As of this writing, New York City stands at 38,087 cases according to the Johns Hopkins map.
I have just learned that Michael Sorkin, architectural critic, is dead. He died on March 26th of the coronavirus.
To be honest, as an inhabitant of the interior states of this country, I know little of New York, but I am quickly coming to terms with the fact that Manhattan has more confirmed cases than many entire countries.
Whether it was due to public transportation or closing schools late, they have it now, and the hospitals are overloaded.
As Michael Sorkin wrote about his stroll through the city of New York in his book Twenty Minutes in Manhattan, I have been returning in a brief stroll through the city myself, albeit in a morbid and on-the-nose sort of way.
The Division, a video game released on March 8th, 2016, has an eerie resemblance to our current predicament. Just read the first sentence in the “plot” section of Wikipedia:
On Black Friday 2019 a viral epidemic, transmitted by a foreign virus sweeps through New York City. The disease, known as “The Dollar Flu”, causes widespread chaos, and major cities are placed under quarantine.
While the game is an obvious political riff on America’s consumerism, as French game developer Ubisoft has repeatedly taken critical shots at American culture (most recently in Far Cry 5), the similarities are uncanny. But the resulting geography people navigate could not be further from each other. In The Division, cars are piled along the streets, strange walking homeless scavenge bodies, and the remains of airdropped supplies have leftover parachutes clogged against trees. And like many video games out there, there’s quite a bit of shooting.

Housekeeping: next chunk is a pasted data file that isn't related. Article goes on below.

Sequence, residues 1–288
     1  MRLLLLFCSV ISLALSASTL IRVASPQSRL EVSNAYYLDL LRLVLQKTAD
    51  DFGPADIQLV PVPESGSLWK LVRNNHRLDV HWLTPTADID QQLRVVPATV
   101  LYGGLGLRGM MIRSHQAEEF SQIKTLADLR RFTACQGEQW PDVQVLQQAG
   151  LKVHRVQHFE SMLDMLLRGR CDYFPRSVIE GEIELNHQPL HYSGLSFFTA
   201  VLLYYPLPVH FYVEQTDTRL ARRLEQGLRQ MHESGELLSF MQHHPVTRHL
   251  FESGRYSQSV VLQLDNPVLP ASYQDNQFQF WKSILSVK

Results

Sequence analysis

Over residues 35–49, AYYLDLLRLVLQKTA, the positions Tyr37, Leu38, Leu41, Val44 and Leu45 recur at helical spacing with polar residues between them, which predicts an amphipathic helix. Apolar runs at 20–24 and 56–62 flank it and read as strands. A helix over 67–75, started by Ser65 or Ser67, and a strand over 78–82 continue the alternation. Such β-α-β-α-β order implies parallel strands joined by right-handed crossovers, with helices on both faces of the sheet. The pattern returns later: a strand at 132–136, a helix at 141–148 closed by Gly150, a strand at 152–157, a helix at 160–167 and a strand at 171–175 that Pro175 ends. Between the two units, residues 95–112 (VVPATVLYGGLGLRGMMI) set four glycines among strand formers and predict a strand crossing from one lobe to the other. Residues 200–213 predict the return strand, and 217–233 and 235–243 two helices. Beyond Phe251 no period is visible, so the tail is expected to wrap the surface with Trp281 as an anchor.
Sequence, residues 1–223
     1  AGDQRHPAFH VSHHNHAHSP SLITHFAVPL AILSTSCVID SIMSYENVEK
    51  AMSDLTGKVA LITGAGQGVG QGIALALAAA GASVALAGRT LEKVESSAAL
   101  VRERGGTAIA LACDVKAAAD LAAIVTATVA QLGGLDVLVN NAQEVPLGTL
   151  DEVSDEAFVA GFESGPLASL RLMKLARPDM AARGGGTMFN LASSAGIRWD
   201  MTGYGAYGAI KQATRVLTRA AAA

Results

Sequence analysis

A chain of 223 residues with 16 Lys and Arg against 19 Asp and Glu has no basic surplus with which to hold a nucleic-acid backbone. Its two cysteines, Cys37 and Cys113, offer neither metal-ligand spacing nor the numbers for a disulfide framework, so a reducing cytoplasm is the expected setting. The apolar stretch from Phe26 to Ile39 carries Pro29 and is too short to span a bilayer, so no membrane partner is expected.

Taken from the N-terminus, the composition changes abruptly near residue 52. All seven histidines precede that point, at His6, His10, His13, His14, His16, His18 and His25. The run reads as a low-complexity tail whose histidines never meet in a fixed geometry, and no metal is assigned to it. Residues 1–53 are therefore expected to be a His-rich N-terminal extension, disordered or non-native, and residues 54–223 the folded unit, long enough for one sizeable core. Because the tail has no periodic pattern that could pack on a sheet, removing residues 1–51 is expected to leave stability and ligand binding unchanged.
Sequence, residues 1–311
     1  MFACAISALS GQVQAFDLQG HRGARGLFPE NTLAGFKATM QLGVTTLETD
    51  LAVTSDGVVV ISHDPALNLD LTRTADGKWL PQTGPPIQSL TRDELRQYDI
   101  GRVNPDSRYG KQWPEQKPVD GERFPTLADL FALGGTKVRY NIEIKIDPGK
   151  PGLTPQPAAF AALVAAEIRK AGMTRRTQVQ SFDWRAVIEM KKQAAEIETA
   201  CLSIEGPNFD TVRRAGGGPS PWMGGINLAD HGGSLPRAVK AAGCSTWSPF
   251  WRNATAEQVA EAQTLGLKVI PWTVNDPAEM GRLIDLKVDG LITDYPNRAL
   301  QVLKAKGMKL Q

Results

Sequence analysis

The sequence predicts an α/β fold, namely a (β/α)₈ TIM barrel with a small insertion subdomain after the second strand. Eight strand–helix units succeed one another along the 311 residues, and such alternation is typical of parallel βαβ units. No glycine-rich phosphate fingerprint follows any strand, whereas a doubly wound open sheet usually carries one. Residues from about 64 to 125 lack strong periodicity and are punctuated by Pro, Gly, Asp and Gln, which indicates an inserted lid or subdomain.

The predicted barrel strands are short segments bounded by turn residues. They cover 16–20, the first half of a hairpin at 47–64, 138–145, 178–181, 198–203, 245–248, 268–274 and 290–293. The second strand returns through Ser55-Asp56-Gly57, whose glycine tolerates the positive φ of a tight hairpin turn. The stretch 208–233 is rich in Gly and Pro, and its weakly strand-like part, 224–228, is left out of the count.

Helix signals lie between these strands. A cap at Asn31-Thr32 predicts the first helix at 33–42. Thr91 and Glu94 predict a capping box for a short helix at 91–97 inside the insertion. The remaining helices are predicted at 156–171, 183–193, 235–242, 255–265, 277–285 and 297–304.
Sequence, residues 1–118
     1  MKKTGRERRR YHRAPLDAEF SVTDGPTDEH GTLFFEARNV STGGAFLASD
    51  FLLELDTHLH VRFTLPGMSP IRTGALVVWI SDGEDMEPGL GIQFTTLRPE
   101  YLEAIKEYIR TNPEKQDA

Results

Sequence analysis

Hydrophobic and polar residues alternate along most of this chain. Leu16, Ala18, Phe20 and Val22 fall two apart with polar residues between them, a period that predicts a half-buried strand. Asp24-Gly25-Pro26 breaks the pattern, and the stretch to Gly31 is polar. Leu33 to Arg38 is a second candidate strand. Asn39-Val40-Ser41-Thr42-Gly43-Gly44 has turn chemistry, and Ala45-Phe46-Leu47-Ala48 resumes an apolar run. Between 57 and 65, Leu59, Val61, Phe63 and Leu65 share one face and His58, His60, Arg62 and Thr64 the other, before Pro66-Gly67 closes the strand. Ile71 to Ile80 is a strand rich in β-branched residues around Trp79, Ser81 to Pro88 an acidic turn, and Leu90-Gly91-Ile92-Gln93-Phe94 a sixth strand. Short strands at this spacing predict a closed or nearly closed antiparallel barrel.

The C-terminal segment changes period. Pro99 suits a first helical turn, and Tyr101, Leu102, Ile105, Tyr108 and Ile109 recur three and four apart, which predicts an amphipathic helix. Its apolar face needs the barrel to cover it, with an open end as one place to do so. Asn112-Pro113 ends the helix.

In New York at this moment, empty spaces could not be more so, with a total absent attendance that is almost more scary for it expressing a sort of absence that is stark in its banality. It’s the city that never sleeps, and it’s being told to hibernate.
Michael Sorkin, as far as I can tell, was a critic of the wealth inequality that the city experienced in his lifetime, and perhaps with the culture of the United States, one that is based on constant work and business-as-usual and short-term solutions. Manhattan found itself at the crossroads of the worst elements of our beliefs with the highly contagious virus COVID-19.
So perhaps, as is so often the case with art, The Division eventually became an apt critique, but it arrived four years early.
Michael Sorkin wanted cities to be “juxtaposition machines”: places of high diversity and spirit that allowed interesting and creative combinations. But now we have two New Yorks, one digital and one very much real, experiencing a strand of coronavirus, with wildly different geographical results. In both cases we see the similarities of the poor having to deal with keeping the city running while getting sick, while the incredibly wealthy can afford to take shelter or leave entirely.
I wish I couldn’t make these comparisons, and I wish I didn’t have the chance to return to a videogame for academic purposes.
But there you have it.